28 May 2019
Textile Industry Sees Need to Increase Movement Towards Circular Economy
Until recently, the European Commission had been mainly focusing on targeting plastic waste. Now, however, it has shifted some of its focus on the fashion industry and the move away from the typical linear economy model of “take-make-waste”. Indeed, it has started promoting a circular economy in textiles (apparel and fabrics), motivating the recycling and reusing of materials and products. A move towards recycling is felt to be essential, as nearly 73% of the world’s clothing eventually ends up in landfills.
Not only is the fashion industry being pushed by the European Commission, it is also heavily influenced by consumer perception. The industry is racing to get ahead of the issue, to avoid a potential backlash from environmentally conscious shoppers. A fashion industry report, published in May 2019, found that two-thirds of consumers say sustainability is very important. Additionally, about one-third state that they would favour a brand that has positive environmental and social practices.
Producing raw materials and using techniques such as spinning and dyeing require enormous amounts of water and chemicals. According to the environmental organisation Greenpeace, up to 3,500 chemical substances are used to turn raw materials into textiles, and around 10% of these substances are hazardous to the environment. Even after production, clothing continues to have a harmful impact on the environment due to washing in particular. Clothing production and consumption produce about 6.7% of the global climate impact, while (to compare with another major sector) aviation and shipping account for 4.5% of global carbon dioxide emissions.
This issue has been on the map for a while for the industry: in 2017, it committed to “lessening its environmental impact by 2020 by designing for circularity, boosting the volume of used garments collected or resold, and increasing the share of garments made from recycled post-consumer textile fibres”.
Unfortunately, according to an annual assessment published on 7 May 2019 by the Global Fashion Agenda (GFA), the Sustainable Apparel Coalition (SAC) and the Boston Consulting Group, progress on sustainability in fashion has slowed over the past year. Though consumers are attracted to environmentally conscious brands, sustainability remains far from being a key consideration in purchasing decisions, since fast fashion tends to be inexpensive. Thus, though the sector is improving on the whole, it is not doing this fast enough to counter the harmful impact.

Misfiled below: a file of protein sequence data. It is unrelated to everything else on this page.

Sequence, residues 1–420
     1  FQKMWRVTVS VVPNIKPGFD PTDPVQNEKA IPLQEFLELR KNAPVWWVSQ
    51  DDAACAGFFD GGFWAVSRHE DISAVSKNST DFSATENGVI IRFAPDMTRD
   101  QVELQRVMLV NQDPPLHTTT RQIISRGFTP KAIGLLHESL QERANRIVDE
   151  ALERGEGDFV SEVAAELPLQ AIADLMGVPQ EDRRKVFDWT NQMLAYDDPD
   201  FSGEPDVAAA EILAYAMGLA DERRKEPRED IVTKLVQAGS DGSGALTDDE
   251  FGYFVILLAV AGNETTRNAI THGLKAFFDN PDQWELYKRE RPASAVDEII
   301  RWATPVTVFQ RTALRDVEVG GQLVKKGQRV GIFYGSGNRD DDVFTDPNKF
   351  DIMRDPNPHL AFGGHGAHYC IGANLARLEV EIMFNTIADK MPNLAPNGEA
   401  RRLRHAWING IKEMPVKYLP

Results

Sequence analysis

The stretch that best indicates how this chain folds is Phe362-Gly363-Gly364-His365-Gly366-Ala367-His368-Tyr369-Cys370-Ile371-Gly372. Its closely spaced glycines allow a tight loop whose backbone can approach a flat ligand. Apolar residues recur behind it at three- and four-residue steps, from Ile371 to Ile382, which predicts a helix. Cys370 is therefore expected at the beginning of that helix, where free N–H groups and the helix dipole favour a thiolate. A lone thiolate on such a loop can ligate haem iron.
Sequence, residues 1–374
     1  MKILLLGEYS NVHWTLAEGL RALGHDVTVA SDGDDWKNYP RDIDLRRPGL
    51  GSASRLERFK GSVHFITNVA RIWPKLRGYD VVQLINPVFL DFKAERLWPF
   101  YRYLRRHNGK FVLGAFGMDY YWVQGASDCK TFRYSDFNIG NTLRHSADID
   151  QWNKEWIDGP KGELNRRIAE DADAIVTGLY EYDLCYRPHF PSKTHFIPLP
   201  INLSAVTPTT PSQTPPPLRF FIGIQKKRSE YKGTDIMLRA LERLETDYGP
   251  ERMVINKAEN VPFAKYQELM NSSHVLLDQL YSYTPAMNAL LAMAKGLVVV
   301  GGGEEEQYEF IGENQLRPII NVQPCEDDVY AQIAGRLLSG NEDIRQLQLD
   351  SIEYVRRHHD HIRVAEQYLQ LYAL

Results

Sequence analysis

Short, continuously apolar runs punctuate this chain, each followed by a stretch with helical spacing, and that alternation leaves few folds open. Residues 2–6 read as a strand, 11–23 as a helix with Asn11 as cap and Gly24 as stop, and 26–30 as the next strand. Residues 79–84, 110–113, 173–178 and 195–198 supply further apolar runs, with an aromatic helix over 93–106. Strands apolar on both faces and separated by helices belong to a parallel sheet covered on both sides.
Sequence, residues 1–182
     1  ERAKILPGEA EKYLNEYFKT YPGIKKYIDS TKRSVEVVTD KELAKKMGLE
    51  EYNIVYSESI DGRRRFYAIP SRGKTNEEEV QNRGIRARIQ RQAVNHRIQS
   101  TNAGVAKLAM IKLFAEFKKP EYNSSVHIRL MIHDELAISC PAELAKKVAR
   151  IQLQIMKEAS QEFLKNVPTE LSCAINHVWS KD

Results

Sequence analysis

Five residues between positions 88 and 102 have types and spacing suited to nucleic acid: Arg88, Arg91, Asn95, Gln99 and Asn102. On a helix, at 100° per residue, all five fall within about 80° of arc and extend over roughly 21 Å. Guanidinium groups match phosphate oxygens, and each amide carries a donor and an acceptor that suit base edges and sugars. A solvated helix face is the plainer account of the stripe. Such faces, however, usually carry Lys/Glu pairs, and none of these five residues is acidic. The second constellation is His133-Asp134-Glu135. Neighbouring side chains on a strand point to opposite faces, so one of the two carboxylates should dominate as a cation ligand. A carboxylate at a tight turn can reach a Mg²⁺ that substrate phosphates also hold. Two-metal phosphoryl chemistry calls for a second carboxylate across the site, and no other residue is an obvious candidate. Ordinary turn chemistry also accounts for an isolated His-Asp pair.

To respond to this increasing demand for a circular economy in fast fashion, on 14 May 2019 industry leaders presented a manifesto at the Copenhagen Fashion summit, the sector’s foremost event on sustainability, calling on policymakers to “co-develop a European vision for textiles in a circular economy”. The manifesto stems from a collaboration between the European Apparel and Textile Confederation (Euratex), the Federation of the European Sporting Goods Industry (FESI), the International Apparel Federation (IAF), the Sustainable Apparel Coalition (SAC), and Global Fashion Agenda (GFA).
The manifesto explains that, though a large part of the industry is committed to promoting a circular economy, “the systems and tools to support a scaled circular economy are currently inadequate”. First, the manifesto sets out some points to reframe the issue, such as considering the circular economy for textiles as a global issue and not a regional one and requesting that the whole industry be part of the discussion. The manifesto sets out the following points as the “new approach”:
- The transition to a circular economy requires bringing together public and private initiatives;
- All institutions need to come together at the EU level;
- Smart regulation is needed for areas that the textile industry alone cannot target; and
- Clearly defined roles and responsibilities for each actor are needed to remove existing gaps in the supply chain.
According to the industry leaders, for a circular economy to function, no part of the loop can be broken. Unprecedented collaboration is therefore required to accomplish this. The industry needs to use new technological innovations to help separate fibres for reuse and “up-cycling” (i.e., creative reuse).
“Better design and materials” are also needed says the manifesto. As seen above, all life stages of a clothing article can produce harmful impacts. Cecile Martin, a textile specialist, explains that a major part of a product’s environmental impact can be determined at the design stage. Therefore, the industry can collaborate with textile and fibre makers to check whether clothing is fit for recycling or not, before production and launch occur.
As such, the manifesto demands policies tailored to SMEs and multinational fashion brands, as well as regulations to “nudge” consumers into rethinking how they use and dispose of textiles.
Some industry leaders, such as H&M, have even taken this stage into their own hands: at one of their stores, they are reported to have installed a miniaturized version of their recycling technology to show consumers how their used clothing can be recycled.
While the textile sector is not yet subject to waste-stream legislation in the same way as, for example, electrical and electronic equipment, the abovementioned developments, and the European Commission’s own moves in that direction, need to be considered seriously by Hong Kong sellers of textiles and apparel. An EU waste law targeting such products may be in the pipeline in the not too distant future.